What route of ketamine is best for you?

One of the most common questions I get when talking to new or prospective clients sounds a lot like this:

“What route of ketamine is best? I’ve read so much on the internet – one place says IV is best, and another website says the nasal spray is better. What gives!?” 

The decision to pursue ketamine-assisted psychotherapy involves a significant investment of time and resources. Understandably, patients can feel confusion, anxiety, and pressure to pick the “right” or best treatment route. 

So, which one?

The answer is simple: the “best” route for administering ketamine for treatment-resistant depression has not been established,1 meaning that there’s not one route of administration superior to another.

When thinking about what route is best for you, you should consider all factors, most importantly comfort, cost, and convenience. Providers like me should also share the decision-making process with you on why they have chosen a certain route.

If you’d like a more technical explanation, keep reading!

Bioavailability and Dosing

A provider will normally start by discussing bioavailability and dosing flexibility in conjunction with specific treatment goals and preferences. 

Ketamine bioavailability is expressed as a percentage. It’s the percentage of ketamine that’s circulating in your body and is able to have an active effect2Bioavailability can be influenced by a person’s age, sex, genetics, pre-existing medical conditions, metabolism, and/or administration technique.

Dosing is a measure of how much ketamine we’re giving. Dosing flexibility refers to how much we can adjust the dose up or down “on the fly” in the clinic.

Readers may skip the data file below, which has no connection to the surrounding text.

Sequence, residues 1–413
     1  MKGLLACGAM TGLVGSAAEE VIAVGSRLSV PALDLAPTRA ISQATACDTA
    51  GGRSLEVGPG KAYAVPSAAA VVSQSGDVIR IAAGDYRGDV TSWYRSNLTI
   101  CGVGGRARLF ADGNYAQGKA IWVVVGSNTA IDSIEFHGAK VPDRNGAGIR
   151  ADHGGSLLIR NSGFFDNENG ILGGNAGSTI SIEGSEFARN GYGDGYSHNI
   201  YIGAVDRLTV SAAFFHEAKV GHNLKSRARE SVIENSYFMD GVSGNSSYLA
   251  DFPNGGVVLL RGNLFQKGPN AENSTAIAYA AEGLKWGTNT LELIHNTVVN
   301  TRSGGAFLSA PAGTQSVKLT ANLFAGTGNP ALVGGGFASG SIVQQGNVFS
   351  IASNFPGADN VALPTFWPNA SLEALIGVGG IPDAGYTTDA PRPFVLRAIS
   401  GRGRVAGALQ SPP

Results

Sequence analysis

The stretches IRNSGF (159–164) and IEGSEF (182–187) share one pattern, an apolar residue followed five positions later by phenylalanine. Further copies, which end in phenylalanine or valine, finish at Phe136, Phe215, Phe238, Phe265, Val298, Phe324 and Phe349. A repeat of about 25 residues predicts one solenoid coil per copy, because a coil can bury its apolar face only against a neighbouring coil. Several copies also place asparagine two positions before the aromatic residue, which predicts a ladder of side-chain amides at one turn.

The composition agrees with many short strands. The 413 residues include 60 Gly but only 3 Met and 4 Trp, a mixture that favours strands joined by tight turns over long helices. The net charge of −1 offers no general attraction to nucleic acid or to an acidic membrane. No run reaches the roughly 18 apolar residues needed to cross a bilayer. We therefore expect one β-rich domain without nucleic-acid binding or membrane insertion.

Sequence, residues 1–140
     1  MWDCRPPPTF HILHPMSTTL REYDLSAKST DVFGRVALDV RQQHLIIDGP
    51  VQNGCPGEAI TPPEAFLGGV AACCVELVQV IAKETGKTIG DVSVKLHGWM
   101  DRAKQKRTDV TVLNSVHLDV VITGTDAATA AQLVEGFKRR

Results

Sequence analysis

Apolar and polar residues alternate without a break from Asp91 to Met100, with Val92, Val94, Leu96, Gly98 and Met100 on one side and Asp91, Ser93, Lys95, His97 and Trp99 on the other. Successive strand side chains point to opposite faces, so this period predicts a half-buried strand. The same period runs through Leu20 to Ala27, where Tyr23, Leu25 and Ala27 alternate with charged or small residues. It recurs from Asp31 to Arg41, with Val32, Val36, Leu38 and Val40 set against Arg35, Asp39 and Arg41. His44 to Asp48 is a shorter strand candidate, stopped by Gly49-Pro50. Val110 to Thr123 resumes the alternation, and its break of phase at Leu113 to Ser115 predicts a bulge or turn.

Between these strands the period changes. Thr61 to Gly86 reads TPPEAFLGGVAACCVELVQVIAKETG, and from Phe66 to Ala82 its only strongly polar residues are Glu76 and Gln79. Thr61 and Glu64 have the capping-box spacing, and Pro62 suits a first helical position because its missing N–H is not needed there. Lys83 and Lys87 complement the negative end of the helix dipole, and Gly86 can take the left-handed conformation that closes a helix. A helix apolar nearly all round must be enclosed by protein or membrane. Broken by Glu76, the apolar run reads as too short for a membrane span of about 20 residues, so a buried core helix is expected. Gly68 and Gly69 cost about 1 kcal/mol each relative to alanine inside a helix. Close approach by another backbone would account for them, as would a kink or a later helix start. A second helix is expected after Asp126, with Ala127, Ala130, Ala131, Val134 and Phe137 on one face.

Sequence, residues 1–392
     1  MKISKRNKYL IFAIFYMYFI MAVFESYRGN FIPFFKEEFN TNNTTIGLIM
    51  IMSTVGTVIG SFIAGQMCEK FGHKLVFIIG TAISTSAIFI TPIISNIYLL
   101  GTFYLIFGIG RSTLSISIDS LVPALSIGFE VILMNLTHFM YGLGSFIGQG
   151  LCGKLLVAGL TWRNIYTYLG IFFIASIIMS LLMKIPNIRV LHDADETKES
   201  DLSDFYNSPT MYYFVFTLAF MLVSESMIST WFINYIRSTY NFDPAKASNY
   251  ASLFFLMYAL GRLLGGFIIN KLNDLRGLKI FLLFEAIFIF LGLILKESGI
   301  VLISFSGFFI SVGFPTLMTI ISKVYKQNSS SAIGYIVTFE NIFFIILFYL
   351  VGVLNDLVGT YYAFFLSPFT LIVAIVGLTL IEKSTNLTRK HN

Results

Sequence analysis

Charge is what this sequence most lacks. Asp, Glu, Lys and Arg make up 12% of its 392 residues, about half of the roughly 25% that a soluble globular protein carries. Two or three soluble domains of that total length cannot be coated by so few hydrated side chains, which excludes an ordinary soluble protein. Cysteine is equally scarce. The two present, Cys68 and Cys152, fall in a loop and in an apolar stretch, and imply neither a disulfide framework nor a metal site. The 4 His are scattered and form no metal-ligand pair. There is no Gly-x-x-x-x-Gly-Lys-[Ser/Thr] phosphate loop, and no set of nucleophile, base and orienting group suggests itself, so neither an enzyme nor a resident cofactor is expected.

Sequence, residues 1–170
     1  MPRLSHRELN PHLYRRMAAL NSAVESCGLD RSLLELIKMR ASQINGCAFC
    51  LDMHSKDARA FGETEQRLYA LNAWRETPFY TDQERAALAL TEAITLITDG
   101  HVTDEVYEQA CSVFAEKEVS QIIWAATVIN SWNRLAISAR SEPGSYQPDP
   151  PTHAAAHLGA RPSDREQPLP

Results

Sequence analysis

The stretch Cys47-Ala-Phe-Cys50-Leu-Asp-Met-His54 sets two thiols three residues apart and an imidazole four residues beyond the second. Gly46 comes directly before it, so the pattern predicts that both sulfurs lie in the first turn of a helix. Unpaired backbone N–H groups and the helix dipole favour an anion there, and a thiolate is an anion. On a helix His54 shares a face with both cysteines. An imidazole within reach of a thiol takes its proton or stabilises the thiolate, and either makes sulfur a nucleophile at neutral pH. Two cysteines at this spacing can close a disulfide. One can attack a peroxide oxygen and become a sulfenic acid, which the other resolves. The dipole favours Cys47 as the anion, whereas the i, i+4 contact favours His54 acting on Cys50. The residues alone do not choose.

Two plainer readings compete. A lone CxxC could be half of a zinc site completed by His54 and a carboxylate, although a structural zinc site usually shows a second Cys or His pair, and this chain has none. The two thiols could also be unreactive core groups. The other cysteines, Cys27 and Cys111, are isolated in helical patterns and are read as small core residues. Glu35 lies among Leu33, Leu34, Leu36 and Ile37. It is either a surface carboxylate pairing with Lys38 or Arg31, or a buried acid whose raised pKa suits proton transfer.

Check out the bioavailability and dosing flexibility comparisons between different routes of administration below:

Ketamine and Research

Many early research studies utilized intravenous (IV) ketamine. Because of this, many providers assume that IV ketamine is best because simply because it is the most researched. But it’s critical to remember that the researchers weren’t studying if IV ketamine was better than IM, IN, or oral forms of ketamine – they were trying to answer the bigger question first: is ketamine a safe and effective treatment for treatment-resistant depression?

IV ketamine is almost 100% bioavailable, making it a great choice for conducting a research study, because there’s likely to be less variability in how much of the drug is available between patients. 

But for the individual, the choice isn’t as straightforward. The best route for you could be determined by a number of factors; it’s a decision that should be made between you and your provider.

So, what do you recommend?

I subscribe to the philosophy that it is less important how you get the ketamine into your body and more important what you do with it. 

A single ketamine infusion can provide rapid relief from depressive symptoms, but the positive effects are not sustained beyond 4-7 days6

Research has shown that there’s no benefit to giving bigger doses or loading doses (sometimes called an “IV push”). Repeated dosing is the only mechanism shown to sustain symptom relief.7 

Psychotherapy works synergistically with ketamine to decrease cognitive distortions, improve neural plasticity, and stabilize synaptic connections in patients with severe major depressive disorder.8


  1. Loo C. Can we confidently use ketamine as a clinical treatment for depression?. Lancet Psychiatry. 2018;5(1):11-12. doi:10.1016/S2215-0366(17)30480-7